One likely reason for the importance of geography in this context is the ‘transaction cost argument’, which implies that the greater the travel distance to a HEI, the higher the transaction costs of higher education and the lower the associated probability of participation (Spiess and Wrohlich 2010). The authors outline a range of transaction costs that could influence school leavers, including direct financial costs such as commuting costs, search costs such as finding a place to live, indirect financial costs relating to forgone economies of scale associated with living at home, information costs associated with obtaining knowledge about different HEIs, as well as potential emotional costs associated with leaving home. It is also possible that so-called neighbourhood effects might play a role (Spiess and Wrohlich 2010). For example, the presence of a local university may generate ‘spillover effects’ that influence the behaviour of young people living in the vicinity of a HEI and make them more likely to proceed to higher education. Furthermore, there may also be ‘information network effects’, such that information about higher education could be more readily available in communities that are located closer to HEIs and that this could impact on decisions. Overall the basic argument is that students who live closer to a HEI may be more likely to participate in higher education (Cullinan et al. 2013).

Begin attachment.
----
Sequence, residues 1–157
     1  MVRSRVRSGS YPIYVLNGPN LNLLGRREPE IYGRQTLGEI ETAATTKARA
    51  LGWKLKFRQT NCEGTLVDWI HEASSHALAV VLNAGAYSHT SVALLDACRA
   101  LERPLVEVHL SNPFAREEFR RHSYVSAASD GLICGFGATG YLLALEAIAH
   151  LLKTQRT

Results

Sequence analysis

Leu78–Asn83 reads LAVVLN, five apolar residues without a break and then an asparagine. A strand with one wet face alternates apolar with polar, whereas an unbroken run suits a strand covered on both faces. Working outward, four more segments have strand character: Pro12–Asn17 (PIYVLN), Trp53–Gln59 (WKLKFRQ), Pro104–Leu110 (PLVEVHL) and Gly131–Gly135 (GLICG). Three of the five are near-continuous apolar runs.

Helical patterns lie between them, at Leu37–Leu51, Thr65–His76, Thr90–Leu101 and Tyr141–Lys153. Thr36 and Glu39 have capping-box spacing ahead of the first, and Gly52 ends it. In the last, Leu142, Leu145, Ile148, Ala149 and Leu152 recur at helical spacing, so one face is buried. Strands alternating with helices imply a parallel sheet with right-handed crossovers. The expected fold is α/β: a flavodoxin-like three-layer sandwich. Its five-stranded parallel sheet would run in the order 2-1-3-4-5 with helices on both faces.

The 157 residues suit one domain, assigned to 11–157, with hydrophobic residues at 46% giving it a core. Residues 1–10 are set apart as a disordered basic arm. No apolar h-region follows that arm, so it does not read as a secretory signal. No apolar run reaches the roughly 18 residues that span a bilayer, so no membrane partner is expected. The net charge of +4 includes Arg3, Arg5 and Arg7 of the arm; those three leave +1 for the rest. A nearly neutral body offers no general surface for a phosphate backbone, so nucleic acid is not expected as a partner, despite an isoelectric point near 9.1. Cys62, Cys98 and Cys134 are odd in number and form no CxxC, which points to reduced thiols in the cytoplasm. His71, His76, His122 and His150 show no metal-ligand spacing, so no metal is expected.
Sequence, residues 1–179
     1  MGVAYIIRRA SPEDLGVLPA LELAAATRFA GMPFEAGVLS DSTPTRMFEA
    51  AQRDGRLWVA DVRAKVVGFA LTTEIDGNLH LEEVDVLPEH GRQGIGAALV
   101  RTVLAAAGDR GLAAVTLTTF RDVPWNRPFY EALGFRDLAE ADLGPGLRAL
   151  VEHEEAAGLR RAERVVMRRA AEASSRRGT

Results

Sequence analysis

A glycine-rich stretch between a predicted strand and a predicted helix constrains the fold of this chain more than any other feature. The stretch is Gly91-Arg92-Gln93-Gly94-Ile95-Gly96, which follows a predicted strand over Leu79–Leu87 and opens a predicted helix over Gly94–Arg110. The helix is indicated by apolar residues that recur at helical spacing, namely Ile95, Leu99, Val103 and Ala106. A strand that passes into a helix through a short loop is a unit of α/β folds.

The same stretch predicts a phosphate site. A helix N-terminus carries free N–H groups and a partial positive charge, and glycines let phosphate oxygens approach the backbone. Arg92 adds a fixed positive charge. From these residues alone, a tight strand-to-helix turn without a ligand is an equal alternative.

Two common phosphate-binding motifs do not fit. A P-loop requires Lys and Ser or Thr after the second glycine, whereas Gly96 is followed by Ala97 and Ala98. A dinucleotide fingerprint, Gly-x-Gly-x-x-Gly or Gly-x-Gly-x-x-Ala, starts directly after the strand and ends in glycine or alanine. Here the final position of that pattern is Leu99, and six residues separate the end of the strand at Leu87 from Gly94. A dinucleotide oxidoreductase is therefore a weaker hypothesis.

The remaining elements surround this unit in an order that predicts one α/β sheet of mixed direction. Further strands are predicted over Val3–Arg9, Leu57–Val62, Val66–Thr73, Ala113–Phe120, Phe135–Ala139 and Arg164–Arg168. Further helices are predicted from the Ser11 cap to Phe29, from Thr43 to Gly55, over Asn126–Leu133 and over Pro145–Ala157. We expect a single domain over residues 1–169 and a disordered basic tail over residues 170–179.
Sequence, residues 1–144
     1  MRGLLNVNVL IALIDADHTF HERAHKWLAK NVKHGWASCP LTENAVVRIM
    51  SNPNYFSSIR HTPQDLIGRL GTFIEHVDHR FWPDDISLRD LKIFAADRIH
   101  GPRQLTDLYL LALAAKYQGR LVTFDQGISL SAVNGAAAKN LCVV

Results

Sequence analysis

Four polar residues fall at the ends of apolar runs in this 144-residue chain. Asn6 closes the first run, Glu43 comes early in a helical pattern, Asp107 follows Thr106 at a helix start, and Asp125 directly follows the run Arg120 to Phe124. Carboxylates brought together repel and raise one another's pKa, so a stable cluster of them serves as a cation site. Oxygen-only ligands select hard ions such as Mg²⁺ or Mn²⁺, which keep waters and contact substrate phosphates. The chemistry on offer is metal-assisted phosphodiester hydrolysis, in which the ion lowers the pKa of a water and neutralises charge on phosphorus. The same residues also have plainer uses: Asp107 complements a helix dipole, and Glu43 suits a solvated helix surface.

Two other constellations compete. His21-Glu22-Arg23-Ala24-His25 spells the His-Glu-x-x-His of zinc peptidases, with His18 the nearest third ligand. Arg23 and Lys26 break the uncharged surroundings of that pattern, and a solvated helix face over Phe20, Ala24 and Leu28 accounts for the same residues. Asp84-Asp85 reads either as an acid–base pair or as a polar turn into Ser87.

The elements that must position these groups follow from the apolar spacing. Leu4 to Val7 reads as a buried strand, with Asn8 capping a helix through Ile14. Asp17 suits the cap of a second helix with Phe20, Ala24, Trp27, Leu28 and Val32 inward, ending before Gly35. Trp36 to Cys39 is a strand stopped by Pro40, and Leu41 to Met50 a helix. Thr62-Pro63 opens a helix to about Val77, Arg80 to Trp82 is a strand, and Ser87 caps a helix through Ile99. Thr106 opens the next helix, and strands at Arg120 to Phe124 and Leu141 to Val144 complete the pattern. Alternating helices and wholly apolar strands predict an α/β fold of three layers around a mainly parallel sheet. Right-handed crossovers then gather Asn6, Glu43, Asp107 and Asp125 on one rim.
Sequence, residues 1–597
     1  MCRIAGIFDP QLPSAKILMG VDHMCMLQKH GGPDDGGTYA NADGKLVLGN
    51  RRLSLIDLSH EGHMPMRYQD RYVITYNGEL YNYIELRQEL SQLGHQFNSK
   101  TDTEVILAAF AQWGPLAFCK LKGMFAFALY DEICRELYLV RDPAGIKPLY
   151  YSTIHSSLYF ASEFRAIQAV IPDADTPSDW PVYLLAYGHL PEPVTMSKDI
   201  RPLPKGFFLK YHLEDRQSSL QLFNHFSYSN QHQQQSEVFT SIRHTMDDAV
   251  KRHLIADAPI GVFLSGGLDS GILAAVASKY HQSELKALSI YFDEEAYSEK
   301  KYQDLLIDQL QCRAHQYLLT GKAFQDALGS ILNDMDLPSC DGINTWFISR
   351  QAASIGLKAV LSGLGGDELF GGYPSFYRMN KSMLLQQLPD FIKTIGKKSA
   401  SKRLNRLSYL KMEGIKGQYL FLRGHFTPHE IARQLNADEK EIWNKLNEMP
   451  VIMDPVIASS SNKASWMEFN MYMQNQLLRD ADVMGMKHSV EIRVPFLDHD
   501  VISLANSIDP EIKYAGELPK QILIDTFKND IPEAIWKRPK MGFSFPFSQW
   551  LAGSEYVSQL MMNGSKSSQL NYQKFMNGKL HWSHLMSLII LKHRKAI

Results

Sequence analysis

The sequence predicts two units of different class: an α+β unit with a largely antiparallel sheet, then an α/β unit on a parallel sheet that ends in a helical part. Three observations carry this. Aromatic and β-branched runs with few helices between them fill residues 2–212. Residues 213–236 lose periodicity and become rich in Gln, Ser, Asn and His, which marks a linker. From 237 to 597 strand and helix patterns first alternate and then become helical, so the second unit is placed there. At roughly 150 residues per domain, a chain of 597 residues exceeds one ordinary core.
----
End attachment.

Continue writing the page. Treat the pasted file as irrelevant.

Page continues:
Spatial analysis of higher education related decisions is not confined just to individuals however. For example, national or regional policymakers are likely to benefit from spatial economic analysis of choices related to choosing the optimal location of a new HEI or, as is currently the case in Ireland,2 decisions relating to amalgamations and consolidations of HEIs (see Chap. 1 for details). In terms of regional economic analysis, quantifying the economic impact of a HEI in its local region is also important (see Chap. 8 for an example of how to estimate regional multipliers for HEIs). In fact, according to Abreu et al. (2014, p. 350), “there is now a substantial literature on the direct links between universities and the [local] business environment” with “the biggest and most consistent influence of HEIs on local economies [being] the production of yearly cohorts of graduates who subsequently enter the labour market”.
This chapter considers the geography of higher education in Ireland, focussing on its relevance to school leavers for a range of decisions relating to higher education participation. More specifically, its main aim is to assess whether the spatial distribution and geographic accessibility of higher education has an (adverse) impact on higher education participation decisions. It does so by first employing cluster analysis and a range of innovative data visualisation techniques to identify and illustrate important patterns of transitions to higher education. It then utilises GIS techniques to illustrate the extent of geographic inequalities in higher education accessibility. The implications of these inequalities for higher education participation decisions are then discussed with reference to a number of recent Irish studies that have specifically considered the spatial economics of higher education participation. The final section concludes with some recommendations relating to reforming the student maintenance grant system.